I find it's generally only acceptable these days to make a case for vegetarianism/veganism by playing up the health benefits of animal-free dining, or the environmental toll of animal agriculture. These arguments appeal to logic and people tend to (kind of) listen, or at least not shut you down completely. (You mean there's something in it for ME? Do go on...) I'm usually happy to play that card, but today I'm feeling surly.
If you try to make a case for vegetarianism/veganism by bringing up the fact that we're dealing with living, breathing beings that are smarter than your dog, or your two year old kid, and that they're (unfortunately) just as sentient, people roll their eyes, tune out, and/or start talking over you. Oh she's a bleeding heart, she's divorced from reality. It's a dog eat dog world out there and life depends on death. It's natural. I only eat organic meat (Um, no you don't). Animals don't feel pain and besides, they don't understand what's happening...blah blah blah (I love that last one - if animals didn't feel and react similarly to humans, why would so many "scientists" be doing so many heinous psychological studies on animals?) Am I a big whiny bleeding heart, or are people calloused and disconnected to a troubling degree?
|Look, a cute sleepy kitty!|
When it comes to Eggs/Chickens/Turkeys, it's okay to say, "Hey man, your cholesterol is off the hook! (in a bad way) You know that eggs are cholesterol bombs, right? If you want to avoid the diarrhea, upset stomach, joint pain, tiredness, memory loss, confusion, yellow eyes, brown urine, nausea, vomiting, tendon problems and skin reactions that can be side effects from taking Lipitor, you should really cut down on the cholesterol you're unnecessarily consuming." It's not okay, however, to say all the bleeding-heart crap you'll find here, or that these animals are deprived of light, space, and the luxurious, species-specific behaviours of pecking, scratching, and walking around. Nor is it ok to say that they endure a great amount of stress, suffering, and fear while they're pumped full of hormones and antibiotics so that they can grow at such a rate that their legs can't support their bodies and their hearts and lungs give out. (Which, by the way, kind of beats the shit out of the "it's natural" argument, now doesn't it?)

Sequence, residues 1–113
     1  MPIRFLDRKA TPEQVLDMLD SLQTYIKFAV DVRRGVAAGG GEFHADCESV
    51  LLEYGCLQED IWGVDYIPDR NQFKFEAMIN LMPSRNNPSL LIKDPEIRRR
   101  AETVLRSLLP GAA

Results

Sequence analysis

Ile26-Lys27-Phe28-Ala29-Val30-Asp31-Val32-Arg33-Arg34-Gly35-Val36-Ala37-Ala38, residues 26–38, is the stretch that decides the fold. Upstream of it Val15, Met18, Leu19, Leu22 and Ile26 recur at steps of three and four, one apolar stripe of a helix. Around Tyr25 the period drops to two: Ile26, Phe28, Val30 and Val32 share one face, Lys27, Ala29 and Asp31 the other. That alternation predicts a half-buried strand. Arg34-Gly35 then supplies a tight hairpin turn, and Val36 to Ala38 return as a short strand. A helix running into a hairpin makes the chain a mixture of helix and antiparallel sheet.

And then there's Tuna. It's okay to say, "You should really think about eating less tuna because we've polluted the crap out of our oceans and tuna fish (poor bastards) now contain dangerously high levels of mercury and that could really harm your health." It's not okay, however, to point out that tuna are hunted and killed in brutal ways that are hard to watch, or to mention that they're being fished to extinction along with just about everything else in the ocean (not counting plastic bags, they're doing really well).
So, with all of that in mind, along with the fact that it can be hard to get a cheap meal that won't kill you in the good ol' U.S. of A., make yourself this cheap-ass sandwich in under 10 minutes and feel damn good about it!
INGREDIENTS - Serves 2 to 4
1 19oz can of chickpeas (or , home-cooked equivalent)
1/2 small yellow onion, diced
1/2 bell pepper, diced
1 celery stick, diced - I used broccoli stems because that's what I had on hand!
1 tbsp Vegenaise
1 to 2 tsp whole grain mustard
1 tbsp lemon juice (optional)
S&P to taste
dried or fresh thyme to taste
- Drain and rinse chickpeas and mash with a potato masher or fork.
- Add remaining ingredients (or whatever you want) and mix well. Taste and adjust for seasoning.